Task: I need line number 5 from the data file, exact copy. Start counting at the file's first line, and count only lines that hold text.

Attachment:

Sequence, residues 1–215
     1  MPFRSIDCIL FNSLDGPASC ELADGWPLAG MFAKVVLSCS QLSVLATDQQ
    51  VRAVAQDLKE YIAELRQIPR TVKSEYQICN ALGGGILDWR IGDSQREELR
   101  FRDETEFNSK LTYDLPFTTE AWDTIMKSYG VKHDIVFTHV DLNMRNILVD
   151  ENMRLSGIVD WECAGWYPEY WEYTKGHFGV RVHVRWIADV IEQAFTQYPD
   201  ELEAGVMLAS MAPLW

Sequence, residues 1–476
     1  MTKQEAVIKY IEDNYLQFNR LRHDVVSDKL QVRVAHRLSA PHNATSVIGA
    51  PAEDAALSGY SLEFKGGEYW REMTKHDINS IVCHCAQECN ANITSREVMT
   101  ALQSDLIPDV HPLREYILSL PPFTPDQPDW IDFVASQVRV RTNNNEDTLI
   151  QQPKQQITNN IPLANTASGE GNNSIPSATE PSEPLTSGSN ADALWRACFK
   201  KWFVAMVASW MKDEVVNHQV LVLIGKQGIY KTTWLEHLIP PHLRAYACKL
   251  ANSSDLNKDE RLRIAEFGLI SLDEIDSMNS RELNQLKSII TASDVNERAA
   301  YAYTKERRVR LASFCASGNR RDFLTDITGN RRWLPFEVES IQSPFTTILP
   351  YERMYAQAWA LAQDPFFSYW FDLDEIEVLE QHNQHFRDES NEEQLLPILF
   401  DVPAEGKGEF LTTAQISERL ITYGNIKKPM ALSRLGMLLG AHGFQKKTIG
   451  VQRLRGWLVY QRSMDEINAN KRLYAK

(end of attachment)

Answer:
   151  ENMRLSGIVD WECAGWYPEY WEYTKGHFGV RVHVRWIADV IEQAFTQYPD